Review: Queen and Country Definitive Edition Vol 1

I came across Queen and Country in the 500 Essential Novels and seeing it on the shelf in Traveling Man I was astounded to see how thick the volume was. Underneath was a recommendation from one of the staff members so I decided to pick it up during my grueling selection process I go through when it comes to buying comics.

Queen and Country is written by Greg Rucka, unbeknown to me, not a fellow countryman, which comes as the first highpoint for the comic. The story follows government operative Tara Chase and her colleagues and overvrlings on various missions of international security. Right away the series reminds me of TV series Spooks and was apparently inspired by old ITV series The Sandbaggers, it does have a low budget TV feel to it, and this is no bad thing.

To its credit the series is interesting and varied, its not over the top and a lot of the storyline is clever and sometimes quite deep, Tara's character is interesting and is layered enough to keep her interesting through the missions. The art is unconventional, this is good though, it makes the series stand out from something like 2000ad's recent Graysuit, and it doesn't hurt the tone at all, the shift in artist however does do a little bit of damage however.

The first arc drawn by Steve Rolston sees Tara as, while not unattractive, a bit of a plain Jane, she's not some buxom heroin but more of a regular girl in less than regular circumstances, which is a nice change to the usual action girl stereotype. By the second arc Brian Hurtt draws Tara as being slightly more attractive, but she don't lose any of her previous aesthetics, visually you can see she is still the same character. Unfortunately, by the third arc Leandro Fernández draws Tara as a buxom action girl, always wearing tight revealing clothing. 'Oh dear' my mind thinks, the other characters stay pretty much the same, but the visual change of Tara is so jarring that it practically ruins the third arc, which is up to standard in all other respects.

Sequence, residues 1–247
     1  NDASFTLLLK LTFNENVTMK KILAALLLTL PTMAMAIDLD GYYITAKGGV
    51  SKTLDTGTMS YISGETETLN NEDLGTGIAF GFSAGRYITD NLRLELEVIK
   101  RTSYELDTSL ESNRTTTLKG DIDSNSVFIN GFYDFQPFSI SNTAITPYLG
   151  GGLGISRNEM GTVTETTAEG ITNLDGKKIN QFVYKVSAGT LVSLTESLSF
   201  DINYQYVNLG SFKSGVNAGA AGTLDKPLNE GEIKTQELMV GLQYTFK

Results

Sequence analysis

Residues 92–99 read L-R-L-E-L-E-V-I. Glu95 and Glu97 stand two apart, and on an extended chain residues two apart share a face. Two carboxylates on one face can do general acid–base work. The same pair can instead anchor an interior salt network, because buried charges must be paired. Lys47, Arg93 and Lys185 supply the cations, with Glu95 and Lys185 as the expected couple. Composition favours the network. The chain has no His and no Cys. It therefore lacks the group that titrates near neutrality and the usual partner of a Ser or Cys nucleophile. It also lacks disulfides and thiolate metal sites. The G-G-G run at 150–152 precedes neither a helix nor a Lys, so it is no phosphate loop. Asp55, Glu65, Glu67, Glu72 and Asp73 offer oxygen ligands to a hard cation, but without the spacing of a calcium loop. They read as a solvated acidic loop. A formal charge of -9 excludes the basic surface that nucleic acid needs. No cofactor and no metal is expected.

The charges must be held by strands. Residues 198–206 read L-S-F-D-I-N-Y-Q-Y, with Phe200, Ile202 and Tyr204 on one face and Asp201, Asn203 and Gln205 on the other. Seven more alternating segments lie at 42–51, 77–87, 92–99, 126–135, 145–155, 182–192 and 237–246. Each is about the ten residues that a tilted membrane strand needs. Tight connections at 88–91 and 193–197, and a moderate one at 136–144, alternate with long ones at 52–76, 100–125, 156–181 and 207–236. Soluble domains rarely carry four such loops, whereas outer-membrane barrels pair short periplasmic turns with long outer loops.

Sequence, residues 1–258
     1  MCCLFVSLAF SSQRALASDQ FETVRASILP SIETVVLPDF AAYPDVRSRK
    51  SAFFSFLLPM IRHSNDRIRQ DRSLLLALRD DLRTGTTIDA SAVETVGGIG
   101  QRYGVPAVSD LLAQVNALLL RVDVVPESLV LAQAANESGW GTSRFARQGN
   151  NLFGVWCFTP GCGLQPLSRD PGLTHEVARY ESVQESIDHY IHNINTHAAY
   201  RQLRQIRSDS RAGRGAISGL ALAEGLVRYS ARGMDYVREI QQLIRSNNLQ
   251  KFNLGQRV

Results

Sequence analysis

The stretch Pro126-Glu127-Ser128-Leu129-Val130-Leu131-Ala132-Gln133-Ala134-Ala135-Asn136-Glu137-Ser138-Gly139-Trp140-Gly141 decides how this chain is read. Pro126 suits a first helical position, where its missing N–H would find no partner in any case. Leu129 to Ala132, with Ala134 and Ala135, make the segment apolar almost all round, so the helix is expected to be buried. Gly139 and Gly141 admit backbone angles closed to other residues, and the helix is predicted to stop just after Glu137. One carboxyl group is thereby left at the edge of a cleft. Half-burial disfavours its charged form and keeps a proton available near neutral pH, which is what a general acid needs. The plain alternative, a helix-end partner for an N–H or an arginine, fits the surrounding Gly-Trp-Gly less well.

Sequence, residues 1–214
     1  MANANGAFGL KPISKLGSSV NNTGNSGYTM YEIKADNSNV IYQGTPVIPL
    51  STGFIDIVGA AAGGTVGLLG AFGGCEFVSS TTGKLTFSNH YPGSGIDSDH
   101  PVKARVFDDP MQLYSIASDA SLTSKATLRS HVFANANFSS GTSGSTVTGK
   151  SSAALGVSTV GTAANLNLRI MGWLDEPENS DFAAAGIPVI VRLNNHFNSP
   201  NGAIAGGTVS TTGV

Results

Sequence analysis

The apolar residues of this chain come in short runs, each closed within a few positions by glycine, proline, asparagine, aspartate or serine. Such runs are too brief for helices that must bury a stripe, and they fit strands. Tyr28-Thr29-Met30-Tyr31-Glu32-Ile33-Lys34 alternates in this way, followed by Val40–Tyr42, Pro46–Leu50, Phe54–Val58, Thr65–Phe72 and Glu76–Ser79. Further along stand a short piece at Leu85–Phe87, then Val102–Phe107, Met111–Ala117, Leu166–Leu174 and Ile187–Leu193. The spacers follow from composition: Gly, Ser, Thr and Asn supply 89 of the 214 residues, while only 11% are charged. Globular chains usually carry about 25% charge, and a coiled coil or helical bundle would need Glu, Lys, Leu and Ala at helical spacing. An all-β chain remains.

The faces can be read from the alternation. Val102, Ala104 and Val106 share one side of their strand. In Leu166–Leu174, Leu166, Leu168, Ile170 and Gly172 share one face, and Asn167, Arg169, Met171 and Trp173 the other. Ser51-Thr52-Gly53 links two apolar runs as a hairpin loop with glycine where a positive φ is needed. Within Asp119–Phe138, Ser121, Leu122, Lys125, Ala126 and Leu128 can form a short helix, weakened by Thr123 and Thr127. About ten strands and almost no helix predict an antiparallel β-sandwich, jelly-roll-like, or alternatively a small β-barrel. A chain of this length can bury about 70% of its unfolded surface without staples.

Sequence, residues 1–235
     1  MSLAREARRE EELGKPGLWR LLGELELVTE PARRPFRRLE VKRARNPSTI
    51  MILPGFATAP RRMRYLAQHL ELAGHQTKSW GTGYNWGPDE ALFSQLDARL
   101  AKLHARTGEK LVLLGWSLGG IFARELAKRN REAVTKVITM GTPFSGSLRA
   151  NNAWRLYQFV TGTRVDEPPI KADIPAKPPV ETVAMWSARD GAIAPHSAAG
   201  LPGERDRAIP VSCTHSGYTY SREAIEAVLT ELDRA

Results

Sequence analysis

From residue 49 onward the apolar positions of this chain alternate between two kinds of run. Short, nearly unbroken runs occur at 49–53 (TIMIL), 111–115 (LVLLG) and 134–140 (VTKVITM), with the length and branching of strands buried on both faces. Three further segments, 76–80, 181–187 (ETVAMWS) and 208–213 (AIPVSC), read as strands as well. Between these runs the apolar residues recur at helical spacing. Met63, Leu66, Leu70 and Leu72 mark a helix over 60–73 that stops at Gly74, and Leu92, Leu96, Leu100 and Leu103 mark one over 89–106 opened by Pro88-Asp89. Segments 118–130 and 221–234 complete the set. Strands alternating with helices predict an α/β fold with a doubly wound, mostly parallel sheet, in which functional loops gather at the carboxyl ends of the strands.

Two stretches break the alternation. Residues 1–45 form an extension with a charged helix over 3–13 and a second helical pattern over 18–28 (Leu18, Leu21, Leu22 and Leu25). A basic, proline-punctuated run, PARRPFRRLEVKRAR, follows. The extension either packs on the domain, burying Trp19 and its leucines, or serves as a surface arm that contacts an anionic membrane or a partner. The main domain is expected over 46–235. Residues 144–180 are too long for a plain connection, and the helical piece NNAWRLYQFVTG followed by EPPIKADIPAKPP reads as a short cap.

Other than that Queen and Country is certainly worth it, and I didn't even know that Rucka was American till I'd finished the story. Its interesting comparing it to Hellsing, which is also a story about British intelligence (Though more unconventional) because Queen and Country has exactly what Hellsing lacks in being convincingly British, and thats where it scores points in my book.

Sunday, 14 June 2009

The Legend of Jenny Everywhere Part 1

Jenny's been previously mentioned here before, but if you want a quick catch up you can always visit here

First original Comic, by me, posted here, Which will do for now until a proper website comes around. Make sure you click on the images to enlarge them.

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Ok Storytimes over, Tune in soon for more reviews and Part 2.

Saturday, 9 May 2009

500 Essential Graphic Novels Review and Free Comic Book Day

500 Essential Graphic Novels – Gene Kannenberg Jnr

Doing a review of a book of reviews is a bit curious to say the least, but 500' was a far too interesting collection to miss. To be fair, the title's a bit of a misnomer, the book covers 100 graphic novels (which includes Collected editions too) with each having about four other 'Further Reading' attached, but thats OK, because what we do get is well worth the cover price.